So where were we?
I had my operation in the afternoon and up to this point I had not had a drink over 24 hours. Once I came to, I was gasping and had both a cup of tea and coffee. The sheer delight in drinking those two simple drinks was up there with any drink I had ever had.
It is funny how in certain circumstances, things that you take for granted become such a pleasure. You know, like summer, Buddy Holly, the working folly
good golly Miss Molly and boats.
I am still not sure how serious my condition was, but I reckon it was more serious than I thought on Tuesday. I found out that it would have been more serious if I had had the Chemo the week before (as originally planned) as the infection would not have been traced at that time and what with the old immune system having a break from my body by the time it would have been noticed, I would have been seriously ill.
My blood sugar levels were really high and were being monitored. I assume it was down to the fact that I had hardly eaten for days. I was starting to feel really down now, dear reader and for the first time since this ‘adventure’ had begun, this was the first time that I had felt like an ill man. As I have mentioned before, I think you are defined by not only who you are, but also by what you are and I was ill. I am Doug, the bloke with cancer. Still, it cannot be helped and it gives me something else to moan about?
As I have said before, the nurses, consultants, doctors, everyone down to the people who make your tea have been brilliant to me. I could not expect any more from these people. They are kind, know what they are doing and have a laugh. But being in hospital, I witnessed a couple of what I can only call arseholes.
Let me explain. Your designated doctor will visit you and explain what is going on and ask you how you feel etc. My doctor was great. But some of them walk around like they are the most important people there. These people stroll into the ward with others following them with clip boards heads bowed and walking two paces behind. While Dr Wonderful barks instructions (very loudly. HEY this is a hospital.There are ill people here maaan. Keep it down) at them as they nod obediently. They have a bigger entourage than Mariah Carey.
Two such incidents spring to mind. It was midnight and the lights were off everyone on the ward was asleep. Then in marches Dr Wonderful ,goes to the end bed pulls back the curtains and starts talking really bloody loudly at poor Mustafa (76) who was still asleep at this point. The whole ward wakes up to hear what the doc has to say. The thing is, what he was saying was actually not that important and could have waited a few hours (as Mustafa confirmed to me) when we were all awake.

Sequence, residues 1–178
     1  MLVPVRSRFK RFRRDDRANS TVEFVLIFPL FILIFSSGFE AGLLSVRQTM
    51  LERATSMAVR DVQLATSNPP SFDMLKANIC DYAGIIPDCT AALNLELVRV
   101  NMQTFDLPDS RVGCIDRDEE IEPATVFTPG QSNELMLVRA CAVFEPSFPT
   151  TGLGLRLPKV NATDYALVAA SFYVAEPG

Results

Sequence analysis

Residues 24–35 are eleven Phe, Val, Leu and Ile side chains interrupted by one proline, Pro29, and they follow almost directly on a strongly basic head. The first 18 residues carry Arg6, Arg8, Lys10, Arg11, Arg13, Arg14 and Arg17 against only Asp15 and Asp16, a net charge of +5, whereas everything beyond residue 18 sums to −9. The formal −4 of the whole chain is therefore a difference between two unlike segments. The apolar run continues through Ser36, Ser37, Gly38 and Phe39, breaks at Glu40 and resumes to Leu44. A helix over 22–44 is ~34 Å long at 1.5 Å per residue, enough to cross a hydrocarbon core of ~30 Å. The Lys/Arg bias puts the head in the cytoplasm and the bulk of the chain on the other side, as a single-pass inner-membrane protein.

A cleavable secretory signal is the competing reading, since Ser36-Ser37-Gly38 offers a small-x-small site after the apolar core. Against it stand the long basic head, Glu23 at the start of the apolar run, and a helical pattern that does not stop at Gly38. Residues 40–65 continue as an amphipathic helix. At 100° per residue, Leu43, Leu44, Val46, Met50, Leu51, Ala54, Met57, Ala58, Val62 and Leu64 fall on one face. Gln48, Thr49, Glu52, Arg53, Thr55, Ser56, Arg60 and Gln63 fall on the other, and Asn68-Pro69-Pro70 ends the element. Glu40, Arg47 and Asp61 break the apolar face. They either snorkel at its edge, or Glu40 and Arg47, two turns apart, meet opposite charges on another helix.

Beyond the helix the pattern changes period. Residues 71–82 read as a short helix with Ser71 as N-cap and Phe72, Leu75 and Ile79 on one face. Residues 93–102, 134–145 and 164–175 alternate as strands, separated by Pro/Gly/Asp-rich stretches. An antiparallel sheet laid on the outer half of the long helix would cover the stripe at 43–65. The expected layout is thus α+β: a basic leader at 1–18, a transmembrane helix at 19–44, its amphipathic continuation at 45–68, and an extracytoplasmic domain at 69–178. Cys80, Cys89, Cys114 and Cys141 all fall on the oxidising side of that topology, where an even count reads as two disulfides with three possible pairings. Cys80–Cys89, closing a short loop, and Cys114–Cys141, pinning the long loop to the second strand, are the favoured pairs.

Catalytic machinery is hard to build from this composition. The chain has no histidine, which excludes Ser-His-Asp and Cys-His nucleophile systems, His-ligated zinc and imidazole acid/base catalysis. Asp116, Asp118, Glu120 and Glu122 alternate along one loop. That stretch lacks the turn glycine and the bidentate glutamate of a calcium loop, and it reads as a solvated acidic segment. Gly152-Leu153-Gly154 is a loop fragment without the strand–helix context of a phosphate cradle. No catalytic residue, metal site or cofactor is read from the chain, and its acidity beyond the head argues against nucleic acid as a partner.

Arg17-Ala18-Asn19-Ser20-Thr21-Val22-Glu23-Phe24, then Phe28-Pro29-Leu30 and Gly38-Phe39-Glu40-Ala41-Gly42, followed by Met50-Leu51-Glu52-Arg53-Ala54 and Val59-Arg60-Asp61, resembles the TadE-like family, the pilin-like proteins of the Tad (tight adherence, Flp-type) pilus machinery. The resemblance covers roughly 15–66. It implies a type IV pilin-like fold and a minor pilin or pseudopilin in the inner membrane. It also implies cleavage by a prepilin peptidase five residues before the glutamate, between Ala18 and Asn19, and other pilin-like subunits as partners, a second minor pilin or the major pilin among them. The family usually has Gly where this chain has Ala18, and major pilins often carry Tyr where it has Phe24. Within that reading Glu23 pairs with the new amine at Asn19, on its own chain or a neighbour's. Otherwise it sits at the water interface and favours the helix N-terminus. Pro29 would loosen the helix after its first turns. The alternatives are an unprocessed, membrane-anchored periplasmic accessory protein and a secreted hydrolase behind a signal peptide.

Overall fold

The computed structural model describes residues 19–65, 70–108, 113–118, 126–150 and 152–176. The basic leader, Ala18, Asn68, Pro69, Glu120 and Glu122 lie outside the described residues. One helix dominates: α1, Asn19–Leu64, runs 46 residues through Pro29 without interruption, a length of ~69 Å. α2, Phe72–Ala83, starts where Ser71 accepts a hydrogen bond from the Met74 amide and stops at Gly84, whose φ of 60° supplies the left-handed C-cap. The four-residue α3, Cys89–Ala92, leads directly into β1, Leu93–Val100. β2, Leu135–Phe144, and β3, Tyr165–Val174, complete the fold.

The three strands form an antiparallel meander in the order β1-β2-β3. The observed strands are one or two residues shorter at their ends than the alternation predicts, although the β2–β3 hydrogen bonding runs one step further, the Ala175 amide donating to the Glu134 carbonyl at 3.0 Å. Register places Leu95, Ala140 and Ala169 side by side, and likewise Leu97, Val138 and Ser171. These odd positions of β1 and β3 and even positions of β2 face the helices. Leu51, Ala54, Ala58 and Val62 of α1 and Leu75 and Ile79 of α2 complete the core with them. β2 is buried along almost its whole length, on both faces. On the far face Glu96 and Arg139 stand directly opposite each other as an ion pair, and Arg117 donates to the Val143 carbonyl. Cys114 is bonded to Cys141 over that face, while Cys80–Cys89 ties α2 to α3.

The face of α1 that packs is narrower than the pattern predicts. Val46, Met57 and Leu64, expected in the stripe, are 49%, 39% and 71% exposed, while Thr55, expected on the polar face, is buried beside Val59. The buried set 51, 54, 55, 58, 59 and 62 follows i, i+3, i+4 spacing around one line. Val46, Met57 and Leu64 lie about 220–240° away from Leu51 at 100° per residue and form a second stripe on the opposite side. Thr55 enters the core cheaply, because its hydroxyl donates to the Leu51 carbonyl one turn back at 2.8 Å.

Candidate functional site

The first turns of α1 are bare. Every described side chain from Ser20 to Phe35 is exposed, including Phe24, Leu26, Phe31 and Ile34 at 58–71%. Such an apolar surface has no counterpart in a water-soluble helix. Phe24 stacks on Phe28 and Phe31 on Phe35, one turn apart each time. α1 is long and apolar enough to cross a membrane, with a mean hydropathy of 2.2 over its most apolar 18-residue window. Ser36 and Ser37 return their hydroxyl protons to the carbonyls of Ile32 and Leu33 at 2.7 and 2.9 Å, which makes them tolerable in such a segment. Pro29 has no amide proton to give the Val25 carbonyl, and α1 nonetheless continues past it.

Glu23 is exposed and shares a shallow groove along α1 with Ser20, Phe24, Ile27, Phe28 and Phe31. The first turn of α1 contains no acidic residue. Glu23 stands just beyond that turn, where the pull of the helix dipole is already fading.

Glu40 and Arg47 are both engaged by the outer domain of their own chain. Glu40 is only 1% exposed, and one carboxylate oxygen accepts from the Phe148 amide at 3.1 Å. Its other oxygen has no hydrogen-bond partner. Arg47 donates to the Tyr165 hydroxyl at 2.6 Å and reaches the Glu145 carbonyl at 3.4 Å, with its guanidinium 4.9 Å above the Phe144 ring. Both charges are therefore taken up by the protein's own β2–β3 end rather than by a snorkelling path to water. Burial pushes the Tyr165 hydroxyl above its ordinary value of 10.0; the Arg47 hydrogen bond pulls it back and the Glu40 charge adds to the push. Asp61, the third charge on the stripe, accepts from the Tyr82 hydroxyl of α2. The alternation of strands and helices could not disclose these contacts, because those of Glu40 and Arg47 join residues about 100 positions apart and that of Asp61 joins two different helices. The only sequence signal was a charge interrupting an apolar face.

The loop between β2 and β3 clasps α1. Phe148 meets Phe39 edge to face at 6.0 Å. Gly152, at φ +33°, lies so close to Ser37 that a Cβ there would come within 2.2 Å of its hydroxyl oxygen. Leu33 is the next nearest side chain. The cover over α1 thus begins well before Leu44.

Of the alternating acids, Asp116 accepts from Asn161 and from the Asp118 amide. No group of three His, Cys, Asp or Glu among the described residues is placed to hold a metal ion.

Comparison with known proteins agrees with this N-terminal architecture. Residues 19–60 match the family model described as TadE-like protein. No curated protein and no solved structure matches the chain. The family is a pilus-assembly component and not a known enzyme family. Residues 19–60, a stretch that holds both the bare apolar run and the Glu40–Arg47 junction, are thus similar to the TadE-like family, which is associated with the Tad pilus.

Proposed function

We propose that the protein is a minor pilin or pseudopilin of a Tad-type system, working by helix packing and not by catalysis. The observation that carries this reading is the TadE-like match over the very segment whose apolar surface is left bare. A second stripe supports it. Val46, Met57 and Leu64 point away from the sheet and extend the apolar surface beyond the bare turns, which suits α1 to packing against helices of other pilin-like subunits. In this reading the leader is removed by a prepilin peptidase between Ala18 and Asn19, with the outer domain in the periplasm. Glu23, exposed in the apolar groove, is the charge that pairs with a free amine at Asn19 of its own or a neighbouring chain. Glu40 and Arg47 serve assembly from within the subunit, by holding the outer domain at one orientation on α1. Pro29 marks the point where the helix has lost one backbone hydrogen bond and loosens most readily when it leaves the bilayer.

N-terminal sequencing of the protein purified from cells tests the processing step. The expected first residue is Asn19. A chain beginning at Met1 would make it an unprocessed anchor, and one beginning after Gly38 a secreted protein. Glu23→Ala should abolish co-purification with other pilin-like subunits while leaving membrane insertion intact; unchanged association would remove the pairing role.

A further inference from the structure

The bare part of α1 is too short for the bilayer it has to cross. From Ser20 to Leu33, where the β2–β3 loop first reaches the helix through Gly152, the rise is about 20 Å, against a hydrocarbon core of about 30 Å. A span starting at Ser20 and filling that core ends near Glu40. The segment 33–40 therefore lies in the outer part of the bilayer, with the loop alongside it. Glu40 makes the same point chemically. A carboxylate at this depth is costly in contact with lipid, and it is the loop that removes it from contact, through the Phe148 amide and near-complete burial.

The second incident involved Len (78). Let me tell you about Len. He was one of the moaniest gits I have ever met. He talked and sang constantly just to make a noise, day or night He was also one of the funniest people I have ever met in my life. He made me laugh constantly, sometimes to tears. Basically, he is an older version of me. After the first night, we got on like a house on fire, we became a double act.
Len was due to leave on the Friday. As he was preparing to go, a doctor came up to him and with no warning said, that ‘its not great news, you have lung cancer’ Now, I know there is no easy way to tell people this news, but Len did not even know that cancer was an option. The dreaded C word had never been mentioned during the four weeks he had been there, so it could have been done in a better way and certainly not with the rest of the ward listening. This was not the worse of it. The Dr then continued his negative stance and said Len could have a lung removed but that it could be dangerous and that the other option was radiotherapy. The bloke then walked out leaving Len in a state of shock. I climbed out of bed and sat with Len. All of his joy of leaving that day had gone. I think that the doctors’ biggest crime was the way that he gave Len the impression that there was no hope for him, when this was clearly not true. I had to explain to him that the fact that there were two options open to him meant that there was a chance of a cure. The doctor did not at anytime say that there was no hope for him, but he could and should have put a positive spin on things He would not have been lying. Asking my opinion I told Len to go for Radiotherapy whilst explaining to him that he could be cured.
Why did the doctor behave in this way? Was it because Len is old and he thought that it does not matter telling him such bad news at that age?
I do regret not having a word with doctor and I know that a lot of the nurses were upset by this doctors actions. I did tell Lens son and daughter and I can only hope that they have done something about it.
It is funny how you quickly become conditioned to the life in a ward. The screaming, the smell of poo, bags of urine being emptied next to you while you are eating and that was just the visitors (I am here all week folks).
I was finally allowed to leave the following Monday, six days after I originally went to QE for 3 hours of Chemo. This was due to having loads of strong antibiotics and then having a vacuum inserted into my wound.
Not sure how long I have to wait for chemo, but I am sure it will be worth the wait!!!!!
Love and Peace